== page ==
The Israel Antiquities Authority has announced it has found solid evidence the Pilgrim’s Path in Jerusalem dates from the 1st century AD.
This means that it was possibly commissioned by Pontius Pilate , the man who ordered the crucifixion of Jesus Christ. The discovery is expected to help researchers to better understand Jerusalem during a critical period in both Christian and Jewish history.
Archaeologists from the Israel Antiquities Authority and Tel Aviv University have been excavating the road under a Palestinian neighborhood, in the Old City of Jerusalem, for 6 years. The street was first discovered by British archaeologists in 1894, reports the Courthouse News Service . Excavations have since revealed that the route is 660 feet long (201.17 meters).
Ancient Pilgrim’s Path Uncovered
National Geographic reports that, ‘The impressive walkway stretched more than a third of a mile, was 26 feet wide (7.92 meters), and required some ten thousand tons of limestone slabs’. The street was built one block at a time and required a huge and highly skilled workforce. It was definitely not a typical Jerusalem street from the period.
It is believed that the street was of religious significance as it was connected to some of the holiest sites in Judaism, such as the Jewish Temple. The street ran from the Pool of Siloam to the Temple Mount . These sites are also revered in Christianity and they are mentioned in the New Testament. They are places associated with Jesus Christ prior to his crucifixion.
The street on what is now the Pilgrim’s Path would have been very grand for the time. Dr. Joel Uziel, of the Israel Antiquities Authority, stated its “finely carved stone and ornate furnishings, like a stepped podium along the street, all indicate that this was a special street,” according to the Independent.
It is possible that the street was used by Jewish pilgrims in the 1st century AD, as they made their way to the Temple Mount during religious festivals.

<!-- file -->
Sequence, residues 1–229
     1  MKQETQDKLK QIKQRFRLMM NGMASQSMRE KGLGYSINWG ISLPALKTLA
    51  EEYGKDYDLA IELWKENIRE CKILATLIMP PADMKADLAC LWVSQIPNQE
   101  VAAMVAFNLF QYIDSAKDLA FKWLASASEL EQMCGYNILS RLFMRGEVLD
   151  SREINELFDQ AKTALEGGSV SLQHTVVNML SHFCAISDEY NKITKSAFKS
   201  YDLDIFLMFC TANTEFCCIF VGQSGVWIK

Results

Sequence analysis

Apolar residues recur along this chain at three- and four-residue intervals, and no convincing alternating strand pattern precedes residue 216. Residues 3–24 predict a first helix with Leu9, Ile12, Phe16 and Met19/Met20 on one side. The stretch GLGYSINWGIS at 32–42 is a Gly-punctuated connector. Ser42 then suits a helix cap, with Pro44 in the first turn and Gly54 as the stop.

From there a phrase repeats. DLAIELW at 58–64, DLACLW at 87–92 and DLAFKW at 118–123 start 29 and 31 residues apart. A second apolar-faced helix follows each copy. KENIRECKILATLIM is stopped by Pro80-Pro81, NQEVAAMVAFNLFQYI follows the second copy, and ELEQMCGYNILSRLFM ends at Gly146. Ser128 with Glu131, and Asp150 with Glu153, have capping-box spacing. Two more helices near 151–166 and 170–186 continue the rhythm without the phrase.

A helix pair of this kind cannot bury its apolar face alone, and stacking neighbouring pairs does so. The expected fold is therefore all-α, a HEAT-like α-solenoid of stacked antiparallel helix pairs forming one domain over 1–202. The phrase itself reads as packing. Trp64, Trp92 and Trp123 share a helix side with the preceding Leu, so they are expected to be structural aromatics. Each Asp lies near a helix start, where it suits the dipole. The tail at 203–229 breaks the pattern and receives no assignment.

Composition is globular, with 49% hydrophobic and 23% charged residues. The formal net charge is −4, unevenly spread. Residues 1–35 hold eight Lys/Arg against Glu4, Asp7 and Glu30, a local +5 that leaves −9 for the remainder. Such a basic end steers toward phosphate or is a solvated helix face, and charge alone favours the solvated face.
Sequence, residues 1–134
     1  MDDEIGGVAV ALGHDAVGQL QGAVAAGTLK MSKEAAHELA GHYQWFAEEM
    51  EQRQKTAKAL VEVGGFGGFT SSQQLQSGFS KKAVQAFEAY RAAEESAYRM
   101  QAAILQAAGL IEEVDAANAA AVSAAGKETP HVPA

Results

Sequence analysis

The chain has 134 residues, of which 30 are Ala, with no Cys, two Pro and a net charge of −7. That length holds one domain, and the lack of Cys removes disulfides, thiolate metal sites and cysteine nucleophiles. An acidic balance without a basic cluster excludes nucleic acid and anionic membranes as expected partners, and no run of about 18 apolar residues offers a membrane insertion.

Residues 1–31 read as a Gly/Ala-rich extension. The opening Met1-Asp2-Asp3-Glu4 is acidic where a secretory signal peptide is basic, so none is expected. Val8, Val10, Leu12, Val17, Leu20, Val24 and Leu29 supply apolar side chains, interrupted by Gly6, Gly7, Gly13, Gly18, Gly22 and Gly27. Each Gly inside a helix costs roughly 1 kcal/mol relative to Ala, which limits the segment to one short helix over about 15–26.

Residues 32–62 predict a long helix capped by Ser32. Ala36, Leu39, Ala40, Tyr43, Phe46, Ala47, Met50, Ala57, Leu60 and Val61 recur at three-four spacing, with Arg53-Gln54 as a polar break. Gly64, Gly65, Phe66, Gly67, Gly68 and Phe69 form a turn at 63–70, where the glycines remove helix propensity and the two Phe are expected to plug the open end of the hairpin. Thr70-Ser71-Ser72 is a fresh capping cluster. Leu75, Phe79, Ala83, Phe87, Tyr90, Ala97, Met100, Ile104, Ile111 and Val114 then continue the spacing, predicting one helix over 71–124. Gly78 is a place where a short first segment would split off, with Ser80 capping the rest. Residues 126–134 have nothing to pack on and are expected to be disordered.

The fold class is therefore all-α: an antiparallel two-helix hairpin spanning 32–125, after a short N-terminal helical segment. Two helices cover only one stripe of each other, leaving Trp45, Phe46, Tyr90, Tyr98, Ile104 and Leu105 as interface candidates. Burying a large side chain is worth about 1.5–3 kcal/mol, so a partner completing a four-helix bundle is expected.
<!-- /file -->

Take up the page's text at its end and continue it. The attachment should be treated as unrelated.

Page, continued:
Siege of 70 AD
The remains of the road were found beneath layers of rubble, which are believed to be from the Roman Siege of Jerusalem in 70 AD. The Independent reports that the rubble that covered the street for centuries contained ‘weapons, including arrowheads and sling stones’. In 70 AD, the legions under the future Emperor Titus (79-81 AD) utterly sacked the city after they captured it from Jewish rebels.
Around 100 Roman coins were found in the street. Researchers have established that the majority of the coins date to around 31 AD, however, the most common coins found in 1st century AD Jerusalem, are from after 40 AD. This helped the experts to date the street very precisely.
Dr. Donald Ariel, an expert on Roman coins, stated that “the street had to be built in the same year or after that coin had been minted, so any time after 30 CE,” reports the Courthouse News Service.
Based on this, it is likely that the street was built during the governorship of Pontius Pilate (36/37 AD), the man who had Jesus Christ crucified.
Pontius Pilate- New Insights?
This was a dramatic finding as it overturned existing ideas about the development of Jerusalem. It had been held that Herod the Great had funded the majority of building projects in the city around this time.
However, now it seems that building continued under successive Roman governors. The finds could also challenge long-established ideas about the administration of Pontius Pilate.
In the New Testament and in other sources, the Roman governor is shown as antagonizing the Jews. For example, he allegedly promoted the worship of images, which was contrary to Jewish religious law.
However, if as believed Pilate built the road, it shows him in a new light. National Geographic reports that Nahshon Szanton, who was involved in the excavation, speculates that Pilate had the street built “to appease the residents of Jerusalem.” There is some documentary evidence to support this hypothesis.
The discovery of the street is helping experts to better understand the development of Jerusalem during a crucial period in the history of Judaism and Christianity. If Pilate built the street, this may indicate that the Roman governor was more sensitive to the Jewish population than reported in the New Testament and other contemporary works.
The results of the excavation of the street have been published in the Institute of Archaeology of Tel Aviv University Journal.